Ancestry UK

Borough Gaol, Liverpool, Lancashire

In 1737, Liverpool Corporation leased an old property known as The Tower, on Water Street, for used as its Town Gaol, replacing the previous premises, which had become too small.

During the Seven Years' War (1756-63), the building was used to hold French prisoners. In 1775, the Corporation purchased the freehold of the site from its owner, Thomas Clayton. In the same year, rioters free imprisoned strikers.

The Tower of Liverpool

In 1784, John Howard described his visits to the prison:

Seven close dungeons in a passage 11 feet wide, 10 steps under ground; each 6 feet by 5 feet 9 inches, and 6 feet high. Apertures in the doors 11 inches by 6. Three prisoners are commonly locked up in each of them at night. There is another dungeon, larger, but not secure. Only one day-room for criminals of both sexes. No infirmary. The keeper told me in November 1775, that after I was there last year and said his prisoners were in danger of the gaol-fever, twenty-eight of them had been ill of it at one time. What led me to think so was, the offensiveness of the dungeons, and the number of prisoners. The prison is surrounded with other buildings, and cannot be made healthy and convenient. Allowance in common on Sunday, bread 4s. beef and broth about 6s. Firing from October to May. Gaoler, Rosendale Allen, sergeant at mace, paid the widow of the late gaoler, £20 a year; and put in a deputy who paid him £65 a year. Fees, debtors, felons &c. 4s. 6d. no table. Chaplain, duty,—Tuesday and Friday: salary, £12 : 12 : 0.

Felons are generally sent to Lancaster castle: the prisoners kept here are for the most part debtors. The act for preserving the health of prisoners, and the clauses against spirituous liquors, are both hung up.

At my visits in 1779 and 1782, this gaol was much cleaner than at my former visits: the court paved: the act for preserving the health of prisoners hung up; but the unhealthy dungeons still in use. The late surgeon, Mr. Shertcliffe, whose salary was £10 (which is now paid to the dispensary), informed me, that many more had the gaol-fever in 1775, than I mentioned in my publication. The gaoler now is Thomas Lyon: his salary, £10.

The debtors about Christmas receive £10, left by a lady. No memorial in the gaol.

1774, Nov. 7,Prisoners 58.
1775, Nov, 23,60. 
1779, Nov. 30,25.Impressed  2.Deserters 2.
1782, Sep. 5,Debtors  19.Felons &c. 14.2.

On a further visit in 1887, Howard reported:

No alteration in the old gaol. Allowance, to debtors, 3d. felons, 2d. and convicts, 4d. a day. Gaoler's salary augmented to £120 in lieu of the tap The sick are supplied with medicines from the infirmary.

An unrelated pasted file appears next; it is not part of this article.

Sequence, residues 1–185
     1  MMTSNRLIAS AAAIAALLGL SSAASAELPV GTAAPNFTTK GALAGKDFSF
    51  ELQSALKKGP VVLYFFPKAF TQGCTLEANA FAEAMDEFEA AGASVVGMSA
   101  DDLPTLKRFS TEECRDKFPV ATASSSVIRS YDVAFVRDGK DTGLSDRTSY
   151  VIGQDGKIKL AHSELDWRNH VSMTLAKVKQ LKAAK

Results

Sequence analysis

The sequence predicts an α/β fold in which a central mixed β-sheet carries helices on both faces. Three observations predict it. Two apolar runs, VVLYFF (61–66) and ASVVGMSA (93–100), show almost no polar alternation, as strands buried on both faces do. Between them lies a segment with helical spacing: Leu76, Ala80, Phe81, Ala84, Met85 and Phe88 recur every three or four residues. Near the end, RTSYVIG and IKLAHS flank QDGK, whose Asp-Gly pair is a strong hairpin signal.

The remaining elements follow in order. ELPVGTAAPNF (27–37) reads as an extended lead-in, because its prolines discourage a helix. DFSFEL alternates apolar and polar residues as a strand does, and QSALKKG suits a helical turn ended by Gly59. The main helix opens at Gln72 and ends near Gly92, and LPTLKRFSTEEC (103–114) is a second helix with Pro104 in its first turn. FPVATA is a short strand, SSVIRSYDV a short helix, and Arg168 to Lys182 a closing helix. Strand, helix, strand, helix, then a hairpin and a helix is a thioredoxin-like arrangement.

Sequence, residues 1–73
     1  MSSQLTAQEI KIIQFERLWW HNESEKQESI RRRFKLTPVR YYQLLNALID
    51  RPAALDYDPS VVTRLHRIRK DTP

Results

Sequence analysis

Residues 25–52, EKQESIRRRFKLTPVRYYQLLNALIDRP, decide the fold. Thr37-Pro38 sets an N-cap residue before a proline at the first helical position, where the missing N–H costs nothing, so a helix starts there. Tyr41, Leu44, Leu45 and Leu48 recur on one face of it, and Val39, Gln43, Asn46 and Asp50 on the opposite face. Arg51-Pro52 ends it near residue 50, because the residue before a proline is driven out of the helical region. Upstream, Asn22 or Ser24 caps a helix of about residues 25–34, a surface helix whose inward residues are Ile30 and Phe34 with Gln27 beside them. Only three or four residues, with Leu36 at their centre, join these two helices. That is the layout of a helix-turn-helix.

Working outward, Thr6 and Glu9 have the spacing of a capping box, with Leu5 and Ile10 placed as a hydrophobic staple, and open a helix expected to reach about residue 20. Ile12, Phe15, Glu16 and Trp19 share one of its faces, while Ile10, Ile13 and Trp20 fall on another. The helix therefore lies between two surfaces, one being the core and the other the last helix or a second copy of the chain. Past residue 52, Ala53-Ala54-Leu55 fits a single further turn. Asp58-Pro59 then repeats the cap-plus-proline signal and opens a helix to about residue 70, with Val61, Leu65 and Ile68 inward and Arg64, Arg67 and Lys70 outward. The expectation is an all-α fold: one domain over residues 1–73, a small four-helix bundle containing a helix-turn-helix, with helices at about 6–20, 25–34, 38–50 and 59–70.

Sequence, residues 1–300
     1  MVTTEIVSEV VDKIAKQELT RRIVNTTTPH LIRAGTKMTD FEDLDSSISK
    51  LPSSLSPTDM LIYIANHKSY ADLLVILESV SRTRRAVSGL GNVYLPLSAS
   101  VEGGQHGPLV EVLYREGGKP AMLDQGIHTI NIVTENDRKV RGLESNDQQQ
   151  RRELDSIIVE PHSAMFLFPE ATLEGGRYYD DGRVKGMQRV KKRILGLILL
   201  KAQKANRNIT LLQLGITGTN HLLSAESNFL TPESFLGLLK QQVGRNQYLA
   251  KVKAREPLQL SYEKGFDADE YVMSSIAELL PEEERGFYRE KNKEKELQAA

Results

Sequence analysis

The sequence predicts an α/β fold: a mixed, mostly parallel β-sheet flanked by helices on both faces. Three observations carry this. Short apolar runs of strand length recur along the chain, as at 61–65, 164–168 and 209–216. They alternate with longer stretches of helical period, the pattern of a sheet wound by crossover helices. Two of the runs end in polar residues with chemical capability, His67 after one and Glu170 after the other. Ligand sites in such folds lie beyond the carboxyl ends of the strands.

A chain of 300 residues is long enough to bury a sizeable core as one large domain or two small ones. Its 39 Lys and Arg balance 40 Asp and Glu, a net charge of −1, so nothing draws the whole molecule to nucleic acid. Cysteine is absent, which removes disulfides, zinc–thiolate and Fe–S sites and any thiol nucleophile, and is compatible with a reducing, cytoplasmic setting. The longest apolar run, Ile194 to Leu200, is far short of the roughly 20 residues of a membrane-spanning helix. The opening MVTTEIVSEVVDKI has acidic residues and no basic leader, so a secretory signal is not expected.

The corporation have spared no expense for the new gaol which Mr. Blackburn is employed in building: there will be a proper separation of the different classes and sexes; and with a view to security, health, reformation and convenience, I apprehend, it will be one of the first borough gaols in the kingdom.

1787, Dec. 22, Debtors 18. Felons &c. 22.

Construction of the new prison referred to by Howard, known as the New Borough Gaol and Bridewell, proceeded slowly. In the 1790s, the still unfinished building was again used to house French prisoners of war. Throughout this period, the Tower continued to act as the Borough Gaol and was the subject of an account by James Neild, who had visited it several times:

Gaoler, Edward Frodsham; now William Frodsham. Salary, 130l. For Conveyance of Transports, one shilling per mile.

Fees, Debtors and Felons, on discharge, 4s. 6d.

Garnish, 4s. 6d.

Chaplain, Rev. George Monk. Salary, 31l. 10s.

Duty, Prayers and Sermon on Sundays, and Prayers on Wednesday. Nothing can exceed the slovenly manner in which Divine Service was performed, when I was here present on Sunday 12th Nov. l809; a short Prayer, and Sermon, to which no attention was paid by 24 Prisoners, out of fifty seven, who stood up all in one corner. They have a short Prayer only on Wednesdays, with no forms or benches to sit on, or to kneel at.

Surgeon, as wanted, is sent from the Dispensary; and 12l. per annum paid by the Corporation, who furnish Medicines.

Number of Prisoners,

Debtors.Felons, &c.
1802, Oct. 11th7138.
1805, Oct. 24th,34 4.
1809, Nov. 12th,3519.
And Five Deserters.

Allowance, to very poor Debtors, a threepenny loaf per day, weighing only 13¼ oz. Nov. 1809. Also a dinner from the Mayor every Christmas Day. To Felons, &c. a threepenny loaf daily. Convicts have 6d. a day in money and bread.


The Castle of Liverpool, built by Roger de Poictiers, was pulled down in the reign of George the Second. But the Earl of Derby's castellated mansion has been for many years used as the Borough Gaol, and stands at the bottom of Water Street. Here is only one court-yard, of 60 feet by 30, for all descriptions of Prisoners, Men and Women; it is paved with brick, and has in it a pump of excellent water, and two sewers. In the court-yard are kept fowls, ducks, &c. suffered to run about; and a large dunghill, that cannot but be offensive, and is only cleared away once a month. Attached to it are five day-rooms, three of which were originally intended for the Men Debtors, one for the Women, and the fifth for the Criminal Prisoners; but they are now used indiscriminately by all. Firing is allowed to every day-room by the Corporation. Here is also one small room set apart for the sick.